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Losing touch with reality

It feels strange to live through an election period where a change of Government is forecast with—by the sober analysis of The Economist—99% certainty. While it’s democratically essential, even going through the motions of the campaign feels a little disconnected from reality, even before one considers the specific promises made by candidates.

Tonight, Julie Etchingham will host the first televised debate of this election, ostensibly between the two candidates who could plausibly be Prime Minister on 5 July—though it’s hard not to wonder whether more people ought to be involved if a 1 in 100 chance is considered ‘plausible’. It feels like false equivalence—not that I have a better suggestion. It also feels narrowly composed: the recent experience of Prime Ministers leaving office between elections shows us that the candidates are asking us to place our confidence in the leader selection process for each of their parties as much as in them personally.

On Saturday, the always-excellent Stephen Bush had a brilliant article in the FT Weekend exploring how British politics has lost touch with reality. He points out that both Rishi Sunak and Keir Starmer are guilty of promising things that they cannot plausibly deliver. It is this three-paragraph excoriation of Rishi Sunak’s failure to make even the simplest of changes that particularly stands out:

Remember, too, that Sunak has been unable to achieve some seemingly achievable policy challenges. Although it is early days, it is hard to see how any political party in the general election will manage a better argument as to why Sunak should not be re-elected than the one that came from the man himself. He described his failed attempt to ban future generations from buying cigarettes as evidence of “the type of prime minister I am”, and he was right. Rishi Sunak is the type of prime minister who, when he wants to do something, when it is backed by large majorities in both his own party and the Labour opposition . . . still can’t reliably deliver.

In this case, his attempt to bring about a “smoke-free generation” — the flagship not only of his attempt to rebrand himself as a “change candidate” last autumn but also one of his signature achievements in his speech calling the election — came unstuck because he couldn’t manage the simple trick of not expediting the legal change ahead of an election he didn’t need to hold.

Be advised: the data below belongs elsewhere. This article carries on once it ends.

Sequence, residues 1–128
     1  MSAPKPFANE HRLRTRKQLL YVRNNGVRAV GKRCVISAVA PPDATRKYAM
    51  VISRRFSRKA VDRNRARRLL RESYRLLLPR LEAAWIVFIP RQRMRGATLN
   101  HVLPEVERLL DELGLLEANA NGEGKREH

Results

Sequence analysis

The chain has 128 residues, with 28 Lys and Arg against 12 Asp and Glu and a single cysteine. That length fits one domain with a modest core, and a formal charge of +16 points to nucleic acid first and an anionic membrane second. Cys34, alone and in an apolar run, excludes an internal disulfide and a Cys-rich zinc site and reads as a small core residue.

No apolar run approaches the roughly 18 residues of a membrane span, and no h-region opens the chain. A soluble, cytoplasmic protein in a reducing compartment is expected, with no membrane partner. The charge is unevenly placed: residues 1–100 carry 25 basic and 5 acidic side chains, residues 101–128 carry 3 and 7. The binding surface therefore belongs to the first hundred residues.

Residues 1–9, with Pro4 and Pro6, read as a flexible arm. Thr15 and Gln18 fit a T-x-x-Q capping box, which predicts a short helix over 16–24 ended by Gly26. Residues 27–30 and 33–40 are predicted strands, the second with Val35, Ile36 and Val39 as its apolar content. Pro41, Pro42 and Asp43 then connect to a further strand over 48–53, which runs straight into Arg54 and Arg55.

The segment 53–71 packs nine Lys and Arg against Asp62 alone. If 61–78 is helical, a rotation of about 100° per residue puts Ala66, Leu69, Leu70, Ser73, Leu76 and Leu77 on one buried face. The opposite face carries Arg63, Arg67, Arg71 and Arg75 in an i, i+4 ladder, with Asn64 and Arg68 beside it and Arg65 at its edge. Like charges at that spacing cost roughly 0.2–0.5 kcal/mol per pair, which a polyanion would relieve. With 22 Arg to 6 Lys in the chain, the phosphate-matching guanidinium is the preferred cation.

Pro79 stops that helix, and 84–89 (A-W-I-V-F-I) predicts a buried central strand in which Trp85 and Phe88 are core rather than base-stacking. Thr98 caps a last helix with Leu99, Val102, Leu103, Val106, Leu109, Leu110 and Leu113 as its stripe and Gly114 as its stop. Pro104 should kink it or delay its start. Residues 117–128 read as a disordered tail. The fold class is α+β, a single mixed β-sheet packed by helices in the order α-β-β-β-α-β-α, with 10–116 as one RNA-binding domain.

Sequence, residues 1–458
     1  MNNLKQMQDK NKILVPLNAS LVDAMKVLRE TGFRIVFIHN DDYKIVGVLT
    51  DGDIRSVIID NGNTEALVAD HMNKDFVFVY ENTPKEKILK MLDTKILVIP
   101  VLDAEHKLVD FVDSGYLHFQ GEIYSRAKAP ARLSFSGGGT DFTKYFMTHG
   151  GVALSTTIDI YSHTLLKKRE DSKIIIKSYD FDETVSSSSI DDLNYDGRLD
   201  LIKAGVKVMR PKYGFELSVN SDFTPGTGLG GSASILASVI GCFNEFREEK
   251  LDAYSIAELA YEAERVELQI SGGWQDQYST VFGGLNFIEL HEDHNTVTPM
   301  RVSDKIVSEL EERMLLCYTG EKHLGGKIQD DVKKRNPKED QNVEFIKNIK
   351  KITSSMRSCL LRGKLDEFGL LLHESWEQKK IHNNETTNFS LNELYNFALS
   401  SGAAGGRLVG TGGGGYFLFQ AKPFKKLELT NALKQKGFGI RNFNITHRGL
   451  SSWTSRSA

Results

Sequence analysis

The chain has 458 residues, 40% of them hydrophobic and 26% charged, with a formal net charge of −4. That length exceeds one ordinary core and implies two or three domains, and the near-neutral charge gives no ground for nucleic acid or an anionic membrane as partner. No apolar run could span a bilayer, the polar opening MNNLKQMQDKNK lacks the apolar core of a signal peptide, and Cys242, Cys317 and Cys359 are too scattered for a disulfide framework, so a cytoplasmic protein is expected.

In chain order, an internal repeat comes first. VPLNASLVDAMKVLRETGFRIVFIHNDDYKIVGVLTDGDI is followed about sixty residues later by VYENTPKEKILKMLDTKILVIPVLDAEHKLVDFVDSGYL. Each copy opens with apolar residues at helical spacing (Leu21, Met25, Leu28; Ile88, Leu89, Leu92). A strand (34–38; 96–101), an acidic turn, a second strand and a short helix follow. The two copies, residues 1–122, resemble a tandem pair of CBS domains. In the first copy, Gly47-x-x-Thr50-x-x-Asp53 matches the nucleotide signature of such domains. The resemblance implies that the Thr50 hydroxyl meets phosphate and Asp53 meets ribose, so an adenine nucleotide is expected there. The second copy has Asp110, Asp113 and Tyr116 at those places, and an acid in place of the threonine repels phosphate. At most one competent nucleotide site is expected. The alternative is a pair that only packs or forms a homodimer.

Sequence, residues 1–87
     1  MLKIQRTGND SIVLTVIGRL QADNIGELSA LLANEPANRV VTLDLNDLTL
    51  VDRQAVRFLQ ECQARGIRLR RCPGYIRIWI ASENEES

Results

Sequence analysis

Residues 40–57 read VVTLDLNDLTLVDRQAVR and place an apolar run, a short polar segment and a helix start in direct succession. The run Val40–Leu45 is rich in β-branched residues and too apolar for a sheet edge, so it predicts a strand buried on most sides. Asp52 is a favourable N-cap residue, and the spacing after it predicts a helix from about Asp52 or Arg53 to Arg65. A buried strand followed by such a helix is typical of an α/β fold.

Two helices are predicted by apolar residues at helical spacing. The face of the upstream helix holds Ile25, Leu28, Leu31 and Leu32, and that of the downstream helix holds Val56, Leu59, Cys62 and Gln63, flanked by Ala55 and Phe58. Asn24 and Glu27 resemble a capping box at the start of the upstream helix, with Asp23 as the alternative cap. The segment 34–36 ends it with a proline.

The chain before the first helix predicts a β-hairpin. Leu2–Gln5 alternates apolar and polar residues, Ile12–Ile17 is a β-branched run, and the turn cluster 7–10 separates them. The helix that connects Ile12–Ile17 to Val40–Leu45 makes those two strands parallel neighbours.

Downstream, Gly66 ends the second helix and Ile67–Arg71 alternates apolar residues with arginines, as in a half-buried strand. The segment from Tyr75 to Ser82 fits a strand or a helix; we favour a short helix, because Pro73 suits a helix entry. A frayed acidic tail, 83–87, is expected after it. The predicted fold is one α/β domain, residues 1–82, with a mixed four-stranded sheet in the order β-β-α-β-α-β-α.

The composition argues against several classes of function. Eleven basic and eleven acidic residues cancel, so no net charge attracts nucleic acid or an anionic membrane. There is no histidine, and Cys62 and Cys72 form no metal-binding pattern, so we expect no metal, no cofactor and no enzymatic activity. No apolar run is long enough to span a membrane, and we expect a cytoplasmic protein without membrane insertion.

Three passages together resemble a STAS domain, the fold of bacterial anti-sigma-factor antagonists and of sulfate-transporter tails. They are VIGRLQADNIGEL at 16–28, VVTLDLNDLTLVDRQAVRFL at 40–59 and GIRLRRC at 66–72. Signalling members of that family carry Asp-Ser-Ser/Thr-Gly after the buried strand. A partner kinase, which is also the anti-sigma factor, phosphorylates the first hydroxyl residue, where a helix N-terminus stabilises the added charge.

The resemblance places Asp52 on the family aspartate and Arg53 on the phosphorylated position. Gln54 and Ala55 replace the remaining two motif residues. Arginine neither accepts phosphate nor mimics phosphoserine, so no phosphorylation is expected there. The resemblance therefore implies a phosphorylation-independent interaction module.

Whether you agree with Sunak’s phased smoking ban or not, the difficult truth for the prime minister is that passing his ban into law was a public policy challenge with the difficulty turned all the way down to “casual”. Yet he could not manage it. Nor is it an isolated example. One of Sunak’s earliest initiatives was a push to teach all children in England a form of maths until 18. If, as looks likely, he leaves office in five weeks’ time, the country will be less equipped to teach maths to 18 than when he took office — because there are fewer maths teachers. There is no prospect that Sunak, a limited prime minister with few achievements to his name, is going to be able to keep the promises he is now making, any more than he could make the snow fall on Christmas Day and the sun shine in June and July.

In 2024, comparisons are inevitably drawn with the 1997 election. In the exit poll for that election, 57% of the respondents felt that John Major could be trusted, versus 56% for Tony Blair. At the start of the 2024 election campaign, 21% of respondents considered Rishi Sunak to be trustworthy, and 28% considered Keir Starmer to be trustworthy. Those figures portend poorly for Sunak, but perhaps worse for the population, representing as they do a complete collapse of trust in politicians.

We can debate how much of that collapse is attributable to a failure to keep simple promises, and how much to the criminal behaviour of some politicians. But it seems unlikely that the continued disconnect between political rhetoric and reality will repair trust—or that a fantastical television debate will do anything but further damage trust in our politicians.

The image at the top of this post was generated by DALL·E 3.

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